US Federal Court rules that individuals can not be ordered to use their biometric data to unlock digital devices

14 Jan 2019

A California federal judge has ruled that law enforcement may not compel suspects to unlock devices with biometric identifiers, including fingerprint or iris scans, calling the practice unconstitutional. (U.S. v. Search, case number 4:19-mj-70053, in the U.S. District Court for the Northern District of California).

Explore the issues

Privacy and data protection are two interrelated Internet governance issues. Data protection is a legal mechanism that ensures privacy. Privacy is usually defined as the right of any citizen to control their own personal information and to decide about it (to disclose information or not). Privacy is a fundamental human right. It is recognised in the Universal Declaration of Human Rights, the International Covenant on Civil and Political Rights, and in many other international and regional human rights conventions. The July 2015 appointment of the first UN Special Rapporteur on the Right to Privacy in the Digital Age reflects the rising importance of privacy in global digital policy, and the recognition of the need to address privacy rights issues the the global, as well as national levels.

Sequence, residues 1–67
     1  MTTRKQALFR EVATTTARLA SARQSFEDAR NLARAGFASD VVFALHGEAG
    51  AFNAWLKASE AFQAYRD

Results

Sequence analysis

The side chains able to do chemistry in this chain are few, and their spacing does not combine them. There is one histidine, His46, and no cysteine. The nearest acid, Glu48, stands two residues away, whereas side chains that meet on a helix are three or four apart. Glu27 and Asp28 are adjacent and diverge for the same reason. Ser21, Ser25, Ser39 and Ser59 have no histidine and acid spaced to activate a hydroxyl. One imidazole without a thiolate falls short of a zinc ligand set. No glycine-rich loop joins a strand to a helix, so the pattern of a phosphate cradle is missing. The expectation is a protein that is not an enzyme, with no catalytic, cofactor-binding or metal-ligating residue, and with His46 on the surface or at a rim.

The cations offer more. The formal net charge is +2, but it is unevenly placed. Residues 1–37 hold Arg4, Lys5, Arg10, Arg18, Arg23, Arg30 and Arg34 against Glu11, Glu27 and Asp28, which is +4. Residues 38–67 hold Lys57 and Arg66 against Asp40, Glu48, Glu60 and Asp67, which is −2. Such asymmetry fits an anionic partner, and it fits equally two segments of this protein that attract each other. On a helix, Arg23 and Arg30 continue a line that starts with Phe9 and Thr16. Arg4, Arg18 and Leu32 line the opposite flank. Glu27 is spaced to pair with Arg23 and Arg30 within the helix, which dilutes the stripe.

Jurisdiction is the authority of the court and state organs to decide on legal cases. The relationship between jurisdiction and the Internet has been ambiguous, since jurisdiction rests predominantly on the geographical division of the globe into national territories. Each state has the sovereign right to exercise jurisdiction over its territory.

 

The GIP Digital Watch observatory is provided by

in partnership with

and members of the GIP Steering Committee



 

GIP Digital Watch is operated by

Scroll to Top